TOLEDO, Ohio — Fireworks are one of the great American traditions and a fun way to celebrate, but in the wrong hands, they're also an injury waiting to happen.
"Burns are the most reported injury when it comes to fireworks in the summertime, and over 50% of firework injuries usually occur in people under the age of 20," Mercy Health burn specialist Nicole Knepper said.
To help keep kids safe while they're having Fourth of July fun, keep these safety tips in mind.
DON'T LIGHT A FIREWORK IN YOUR HAND
Never light a firework while it’s in your hand and never relight a dud, keep children a safe distance away, and do not let them light fireworks. Instead, assign that to a sober adult.
NEVER POINT FIREWORKS AT SOMEONE
Never throw or point fireworks at someone, even as a joke.
WEAR EYE PROTECTION
Wear eye protection, and don't allow kids to pick up pieces of fireworks after an event because some may still be ignited and can explode, leading to an injury.
BE CAREFUL WITH SPARKLERS
Knepper warned that sparklers may look cool, and you may think they're safe for kids, but in reality, they can be just as dangerous.
"They can get up to 2,000 degrees, they're very hot." she said. "That's the temperature of a blowtorch, and you wouldn't give your 3-year-old a blowtorch."
If you do decide to let the kids play with sparklers, keep a close eye on them, keep them spread apart from one another, and have a bucket of water handy. As an alternative, think about letting them use glowsticks instead.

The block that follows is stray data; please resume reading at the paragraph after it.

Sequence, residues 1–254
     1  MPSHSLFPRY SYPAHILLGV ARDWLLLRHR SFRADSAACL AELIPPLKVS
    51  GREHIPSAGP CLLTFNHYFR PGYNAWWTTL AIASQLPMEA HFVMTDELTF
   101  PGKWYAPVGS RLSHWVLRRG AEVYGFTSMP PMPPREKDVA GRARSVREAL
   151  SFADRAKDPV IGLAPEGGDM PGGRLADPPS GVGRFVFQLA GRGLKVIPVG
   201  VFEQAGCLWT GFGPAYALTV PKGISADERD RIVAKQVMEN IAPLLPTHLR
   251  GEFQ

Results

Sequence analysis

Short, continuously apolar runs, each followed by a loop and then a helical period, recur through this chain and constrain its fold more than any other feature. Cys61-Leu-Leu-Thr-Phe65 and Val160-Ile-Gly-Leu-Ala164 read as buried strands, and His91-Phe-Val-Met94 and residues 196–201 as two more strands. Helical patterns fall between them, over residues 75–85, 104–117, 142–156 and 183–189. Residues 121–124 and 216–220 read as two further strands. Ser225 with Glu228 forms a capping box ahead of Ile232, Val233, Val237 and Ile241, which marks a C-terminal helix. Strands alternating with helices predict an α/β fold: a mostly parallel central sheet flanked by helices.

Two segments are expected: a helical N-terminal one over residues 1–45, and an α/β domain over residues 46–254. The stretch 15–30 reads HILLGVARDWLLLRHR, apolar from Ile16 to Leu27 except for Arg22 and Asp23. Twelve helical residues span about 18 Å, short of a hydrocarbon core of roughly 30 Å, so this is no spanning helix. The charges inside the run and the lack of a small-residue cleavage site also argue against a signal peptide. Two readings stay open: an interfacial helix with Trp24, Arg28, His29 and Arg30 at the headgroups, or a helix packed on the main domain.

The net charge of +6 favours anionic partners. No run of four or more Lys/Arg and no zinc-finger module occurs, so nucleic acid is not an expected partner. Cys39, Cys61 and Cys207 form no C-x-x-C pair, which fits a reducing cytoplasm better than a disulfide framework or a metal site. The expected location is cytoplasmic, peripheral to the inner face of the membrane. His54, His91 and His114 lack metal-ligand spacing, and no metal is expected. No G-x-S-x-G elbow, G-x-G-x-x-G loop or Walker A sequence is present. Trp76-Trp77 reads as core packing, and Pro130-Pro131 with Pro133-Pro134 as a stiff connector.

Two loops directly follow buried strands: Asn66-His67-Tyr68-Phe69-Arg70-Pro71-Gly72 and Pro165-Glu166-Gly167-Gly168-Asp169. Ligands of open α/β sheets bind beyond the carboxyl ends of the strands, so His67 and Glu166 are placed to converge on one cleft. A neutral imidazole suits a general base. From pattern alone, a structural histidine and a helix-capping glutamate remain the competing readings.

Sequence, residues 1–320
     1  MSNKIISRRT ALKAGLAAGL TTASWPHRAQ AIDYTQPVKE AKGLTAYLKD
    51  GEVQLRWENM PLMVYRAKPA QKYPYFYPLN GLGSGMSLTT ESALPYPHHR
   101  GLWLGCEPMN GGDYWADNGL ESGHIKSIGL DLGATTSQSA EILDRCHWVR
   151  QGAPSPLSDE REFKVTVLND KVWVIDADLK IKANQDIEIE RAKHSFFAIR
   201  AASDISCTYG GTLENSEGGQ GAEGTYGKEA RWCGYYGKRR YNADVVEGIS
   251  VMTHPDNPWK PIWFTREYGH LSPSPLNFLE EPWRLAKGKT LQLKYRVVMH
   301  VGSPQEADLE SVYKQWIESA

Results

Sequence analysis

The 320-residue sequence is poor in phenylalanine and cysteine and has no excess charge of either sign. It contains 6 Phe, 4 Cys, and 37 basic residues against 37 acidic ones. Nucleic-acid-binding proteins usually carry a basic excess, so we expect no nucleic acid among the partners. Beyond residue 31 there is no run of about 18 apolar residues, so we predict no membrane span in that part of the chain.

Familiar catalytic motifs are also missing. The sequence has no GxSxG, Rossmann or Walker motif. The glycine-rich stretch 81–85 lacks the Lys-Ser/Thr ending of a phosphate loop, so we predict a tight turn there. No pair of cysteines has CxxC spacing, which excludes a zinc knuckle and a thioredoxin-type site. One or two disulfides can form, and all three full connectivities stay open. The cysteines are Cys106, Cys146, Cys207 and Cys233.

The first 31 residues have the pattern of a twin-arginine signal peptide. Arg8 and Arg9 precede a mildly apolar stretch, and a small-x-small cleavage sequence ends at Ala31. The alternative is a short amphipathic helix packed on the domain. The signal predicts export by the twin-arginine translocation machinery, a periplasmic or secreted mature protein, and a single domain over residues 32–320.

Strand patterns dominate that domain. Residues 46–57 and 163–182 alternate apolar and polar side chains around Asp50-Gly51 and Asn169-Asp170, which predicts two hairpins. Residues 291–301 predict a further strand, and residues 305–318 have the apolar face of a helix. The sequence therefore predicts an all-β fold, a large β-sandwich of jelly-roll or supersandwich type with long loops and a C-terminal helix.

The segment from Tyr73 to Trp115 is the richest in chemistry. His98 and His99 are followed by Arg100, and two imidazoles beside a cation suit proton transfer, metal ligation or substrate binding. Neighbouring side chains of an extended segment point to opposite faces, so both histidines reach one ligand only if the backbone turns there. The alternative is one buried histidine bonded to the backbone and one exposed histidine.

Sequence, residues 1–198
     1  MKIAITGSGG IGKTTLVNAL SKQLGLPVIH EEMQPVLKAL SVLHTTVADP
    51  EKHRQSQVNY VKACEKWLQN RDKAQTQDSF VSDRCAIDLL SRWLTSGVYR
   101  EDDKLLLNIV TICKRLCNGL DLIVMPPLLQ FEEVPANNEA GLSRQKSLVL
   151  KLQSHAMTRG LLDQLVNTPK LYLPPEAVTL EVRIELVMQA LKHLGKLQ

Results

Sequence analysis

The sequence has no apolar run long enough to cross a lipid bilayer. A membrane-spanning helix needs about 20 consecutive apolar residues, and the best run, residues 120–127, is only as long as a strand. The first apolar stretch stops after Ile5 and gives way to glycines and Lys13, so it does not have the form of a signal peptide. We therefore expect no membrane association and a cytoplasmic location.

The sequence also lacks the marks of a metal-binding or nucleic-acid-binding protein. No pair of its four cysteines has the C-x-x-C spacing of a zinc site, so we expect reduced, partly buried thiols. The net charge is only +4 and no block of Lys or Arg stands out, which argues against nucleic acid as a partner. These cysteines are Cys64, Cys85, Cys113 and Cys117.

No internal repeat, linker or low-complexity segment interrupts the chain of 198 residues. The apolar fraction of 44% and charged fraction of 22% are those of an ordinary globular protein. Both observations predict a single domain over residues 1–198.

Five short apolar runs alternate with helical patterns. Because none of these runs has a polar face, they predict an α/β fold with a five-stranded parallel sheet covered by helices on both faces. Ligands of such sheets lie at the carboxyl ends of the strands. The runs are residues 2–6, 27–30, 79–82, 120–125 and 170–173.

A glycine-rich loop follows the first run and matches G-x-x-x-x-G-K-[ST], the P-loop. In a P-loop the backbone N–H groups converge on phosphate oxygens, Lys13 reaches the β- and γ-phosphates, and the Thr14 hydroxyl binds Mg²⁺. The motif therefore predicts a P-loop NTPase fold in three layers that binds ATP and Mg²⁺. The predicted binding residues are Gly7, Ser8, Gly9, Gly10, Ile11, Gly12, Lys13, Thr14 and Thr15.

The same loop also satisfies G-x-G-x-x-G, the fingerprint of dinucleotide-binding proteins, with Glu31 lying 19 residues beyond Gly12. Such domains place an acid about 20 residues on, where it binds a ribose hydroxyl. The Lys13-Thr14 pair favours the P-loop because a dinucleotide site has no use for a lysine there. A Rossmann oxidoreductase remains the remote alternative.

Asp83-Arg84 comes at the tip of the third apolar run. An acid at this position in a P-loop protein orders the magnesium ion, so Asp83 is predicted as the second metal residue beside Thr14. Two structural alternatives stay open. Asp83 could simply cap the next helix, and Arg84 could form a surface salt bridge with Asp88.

WHAT FIREWORKS ARE MOST DANGEROUS?
According to the Consumer Product Safety Commission, the most dangerous fireworks you can buy legally are those that have shells, mortars, and tubes, as well as Roman candles, and sparklers.
WHAT TO DO IF SOMEONE GETS HURT
If someone does get hurt, cool the burns under cool water, and wrap them. For burns larger than the palm of your hand, seek medical attention.
Also, remember that some kids are sensitive to loud noises, so fireworks may not be the best option for them. You could use sound-muffling earphones to lessen the noise or just stay in.
"We think of it as an all-American activity to go listen to fireworks, but if your child is really scared or if it really bothers their ears, I wouldn't recommend taking them," Knepper said.